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In a first for the Air Force, a general is found guilty of sexual abuse

An Air Force major general was found guilty of forcibly kissing a woman in 2018, in the first court-martial and sentencing of a general officer in the 75-year history of the military branch, announced its authorities.

Maj. Gen. William T. Cooley was found guilty of sexually abusive conduct Saturday by Col. Christina M. Jimenez, the lead military judge in the case, at Wright-Patterson Air Force Base in Dayton, Ohio.

General Cooley was charged with sexually abusive conduct with three ‘specifications’ and was convicted of the first, for ‘kissing her on the lips and tongue, with intent to satisfy her sexual desire’, said the Air Force on Saturday.

Judge Jimenez found General Cooley not guilty of the other two specifications, including forcing the woman, who is his sister-in-law, to touch him over her clothes and touching her breasts and genitals through her clothes , authorities said.

A lawyer for General Cooley, Daniel Conway, did not immediately respond to an email Sunday.

The victim – who did not want his name used but consented to the disclosure of his family relationship to General Cooley – said in a statement after the verdict that “the price of peace in my extended family was my silence, and it was too high. price to pay.”

“Doing the right thing, speaking up, telling the truth, shouldn’t be that hard,” she said. “I hope it won’t be so difficult for the next survivor.”

Ryan Guilds, a lawyer for the woman, said many changes over the past decade have made it less daunting for victims of sexual misconduct by military personnel to come forward. These changes include policy developments that better support accusers, greater sensitivity of military leaders to sexual assault, increased procedural protections for victims, and prosecutors who are more likely to believe survivors.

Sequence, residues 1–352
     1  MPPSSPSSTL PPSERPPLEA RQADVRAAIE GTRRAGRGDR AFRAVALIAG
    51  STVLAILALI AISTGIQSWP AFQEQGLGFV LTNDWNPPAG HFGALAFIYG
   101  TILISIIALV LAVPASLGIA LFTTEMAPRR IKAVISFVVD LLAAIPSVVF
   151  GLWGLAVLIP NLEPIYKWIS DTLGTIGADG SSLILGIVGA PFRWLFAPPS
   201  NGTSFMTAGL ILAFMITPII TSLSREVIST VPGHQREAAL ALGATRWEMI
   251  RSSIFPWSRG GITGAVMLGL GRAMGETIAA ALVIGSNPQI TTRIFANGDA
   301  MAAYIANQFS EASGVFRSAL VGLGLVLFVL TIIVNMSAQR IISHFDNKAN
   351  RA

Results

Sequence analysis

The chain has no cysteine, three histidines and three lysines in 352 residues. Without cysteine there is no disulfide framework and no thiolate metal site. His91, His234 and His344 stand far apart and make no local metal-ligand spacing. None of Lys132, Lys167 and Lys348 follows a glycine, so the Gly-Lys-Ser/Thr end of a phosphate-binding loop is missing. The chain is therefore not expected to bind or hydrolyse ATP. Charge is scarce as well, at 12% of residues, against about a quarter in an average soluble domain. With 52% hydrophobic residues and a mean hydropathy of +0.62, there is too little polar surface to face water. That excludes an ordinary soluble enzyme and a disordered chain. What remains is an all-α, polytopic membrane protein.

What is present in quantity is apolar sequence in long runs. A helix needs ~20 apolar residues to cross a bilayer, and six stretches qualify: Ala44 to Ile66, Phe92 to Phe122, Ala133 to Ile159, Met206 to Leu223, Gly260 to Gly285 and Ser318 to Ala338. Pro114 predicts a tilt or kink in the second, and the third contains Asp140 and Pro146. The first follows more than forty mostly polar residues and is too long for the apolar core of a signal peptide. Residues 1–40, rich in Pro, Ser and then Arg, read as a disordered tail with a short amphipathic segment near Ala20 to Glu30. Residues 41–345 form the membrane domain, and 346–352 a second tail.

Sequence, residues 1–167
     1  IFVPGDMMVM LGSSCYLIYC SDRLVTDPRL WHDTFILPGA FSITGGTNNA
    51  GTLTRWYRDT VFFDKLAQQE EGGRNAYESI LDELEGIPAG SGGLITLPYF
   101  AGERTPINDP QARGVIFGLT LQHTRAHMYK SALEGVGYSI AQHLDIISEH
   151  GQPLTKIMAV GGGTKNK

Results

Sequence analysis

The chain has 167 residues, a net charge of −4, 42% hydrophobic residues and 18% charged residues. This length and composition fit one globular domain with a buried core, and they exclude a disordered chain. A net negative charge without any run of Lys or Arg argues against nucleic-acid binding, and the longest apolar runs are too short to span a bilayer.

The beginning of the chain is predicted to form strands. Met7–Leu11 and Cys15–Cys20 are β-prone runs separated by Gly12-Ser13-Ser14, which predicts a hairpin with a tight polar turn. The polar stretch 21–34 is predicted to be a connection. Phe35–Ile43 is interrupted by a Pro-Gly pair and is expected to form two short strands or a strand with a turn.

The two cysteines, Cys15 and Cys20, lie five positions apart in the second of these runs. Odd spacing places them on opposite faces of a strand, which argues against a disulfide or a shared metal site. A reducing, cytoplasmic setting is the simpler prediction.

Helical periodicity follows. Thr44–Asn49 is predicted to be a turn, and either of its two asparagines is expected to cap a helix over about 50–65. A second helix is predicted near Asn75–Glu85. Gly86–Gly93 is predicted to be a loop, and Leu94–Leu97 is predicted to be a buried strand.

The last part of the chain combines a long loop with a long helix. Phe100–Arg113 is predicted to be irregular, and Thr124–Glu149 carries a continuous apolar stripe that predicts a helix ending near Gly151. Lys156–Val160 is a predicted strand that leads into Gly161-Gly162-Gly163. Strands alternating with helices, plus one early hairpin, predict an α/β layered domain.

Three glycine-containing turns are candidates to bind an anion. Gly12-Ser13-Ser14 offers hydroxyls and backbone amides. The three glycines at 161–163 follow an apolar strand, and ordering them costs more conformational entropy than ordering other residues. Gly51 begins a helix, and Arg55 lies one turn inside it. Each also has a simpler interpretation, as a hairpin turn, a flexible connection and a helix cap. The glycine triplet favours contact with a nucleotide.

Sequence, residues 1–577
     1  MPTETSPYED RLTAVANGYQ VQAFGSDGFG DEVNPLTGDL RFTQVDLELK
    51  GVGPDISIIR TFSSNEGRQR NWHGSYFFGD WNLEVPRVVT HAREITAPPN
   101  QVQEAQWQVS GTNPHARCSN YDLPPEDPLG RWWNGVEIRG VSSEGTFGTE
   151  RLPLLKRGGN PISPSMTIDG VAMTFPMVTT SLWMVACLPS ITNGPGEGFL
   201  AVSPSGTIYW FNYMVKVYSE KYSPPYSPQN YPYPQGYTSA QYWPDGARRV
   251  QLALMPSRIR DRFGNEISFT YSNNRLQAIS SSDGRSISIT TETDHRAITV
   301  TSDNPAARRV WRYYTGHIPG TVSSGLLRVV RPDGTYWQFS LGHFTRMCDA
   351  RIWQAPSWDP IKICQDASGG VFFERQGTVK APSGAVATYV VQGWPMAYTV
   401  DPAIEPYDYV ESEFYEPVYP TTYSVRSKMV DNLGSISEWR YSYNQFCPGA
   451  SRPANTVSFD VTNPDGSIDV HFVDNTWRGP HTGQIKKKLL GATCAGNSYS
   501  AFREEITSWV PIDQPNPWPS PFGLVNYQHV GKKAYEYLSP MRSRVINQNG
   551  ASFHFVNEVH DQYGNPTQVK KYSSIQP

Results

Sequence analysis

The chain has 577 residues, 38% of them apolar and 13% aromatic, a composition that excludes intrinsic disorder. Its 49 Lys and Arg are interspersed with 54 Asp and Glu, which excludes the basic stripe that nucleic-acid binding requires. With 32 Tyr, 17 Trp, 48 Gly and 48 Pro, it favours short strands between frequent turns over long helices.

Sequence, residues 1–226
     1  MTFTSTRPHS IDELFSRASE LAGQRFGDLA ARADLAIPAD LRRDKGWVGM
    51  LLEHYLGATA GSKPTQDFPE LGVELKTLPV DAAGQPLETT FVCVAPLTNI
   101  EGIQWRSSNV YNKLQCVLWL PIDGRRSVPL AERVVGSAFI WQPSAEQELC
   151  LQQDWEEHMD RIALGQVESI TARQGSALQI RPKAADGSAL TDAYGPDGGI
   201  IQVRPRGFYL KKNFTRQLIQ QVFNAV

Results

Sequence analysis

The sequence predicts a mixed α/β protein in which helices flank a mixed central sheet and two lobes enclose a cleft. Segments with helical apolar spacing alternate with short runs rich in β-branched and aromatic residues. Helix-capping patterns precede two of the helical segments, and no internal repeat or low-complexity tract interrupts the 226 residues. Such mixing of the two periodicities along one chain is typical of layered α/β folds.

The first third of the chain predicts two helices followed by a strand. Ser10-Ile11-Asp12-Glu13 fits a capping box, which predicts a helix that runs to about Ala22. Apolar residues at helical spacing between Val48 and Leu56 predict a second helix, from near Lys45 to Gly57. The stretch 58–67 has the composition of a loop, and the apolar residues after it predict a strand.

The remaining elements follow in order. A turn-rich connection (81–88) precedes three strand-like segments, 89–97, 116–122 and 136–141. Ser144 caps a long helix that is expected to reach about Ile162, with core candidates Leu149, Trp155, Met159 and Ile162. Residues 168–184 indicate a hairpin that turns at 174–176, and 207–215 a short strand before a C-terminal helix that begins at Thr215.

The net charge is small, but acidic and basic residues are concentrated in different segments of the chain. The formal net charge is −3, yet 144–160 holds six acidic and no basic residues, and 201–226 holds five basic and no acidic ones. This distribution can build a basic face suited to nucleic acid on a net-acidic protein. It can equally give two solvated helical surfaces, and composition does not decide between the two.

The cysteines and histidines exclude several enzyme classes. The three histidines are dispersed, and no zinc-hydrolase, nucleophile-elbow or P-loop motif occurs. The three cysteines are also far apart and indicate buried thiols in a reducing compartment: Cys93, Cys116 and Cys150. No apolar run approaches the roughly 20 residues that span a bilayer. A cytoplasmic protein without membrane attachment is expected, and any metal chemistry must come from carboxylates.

General Cooley’s sentencing “is a sign of hope, for sure”, Mr Guilds said. “The reality, however, is that every survivor who decides to come forward and make that brave choice is going to face a justice system that is going to be very difficult.”

He added: “In this case, it took years to get to where she is today, and I wouldn’t wish that trip on anyone.”

After a barbecue party in Albuquerque on Aug. 12, 2018, General Cooley, who had been drinking, asked the woman for a ride, she told the court, according to the Air Force.

“During the short ride, she said he told her he fantasized about having sex with her,” the Air Force said in its statement. “She alleged that he pressed her against the driver’s side window, forcefully kissed her and groped her through her clothes. Cooley denied the allegation, pleading not guilty.

The case began after the woman and her spouse reported the assault to the Air Force Office of Special Investigations in December 2019.

General Cooley previously commanded the Air Force Research Laboratory, which develops combat technologies for US air, space and cyberspace forces. He was responsible for managing a $2.5 billion science and technology program and an additional $2.3 billion in research and development, according to his Air Force biography.

In January 2020, General Arnold W. Bunch Jr. relieved General Cooley of command of the research lab “due to a loss of confidence in his ability to lead, related to the alleged misconduct which was then the subject of of an investigation,” the Air Force said. . He added that since then General Cooley had been General Bunch’s special assistant.

Judgment is scheduled for Monday. Gen. Cooley faces up to seven years in prison and discharge from the Air Force, but his rank could not be downgraded as part of this process, said Army spokesman Derek Kaufman. air.

nytimes Gt

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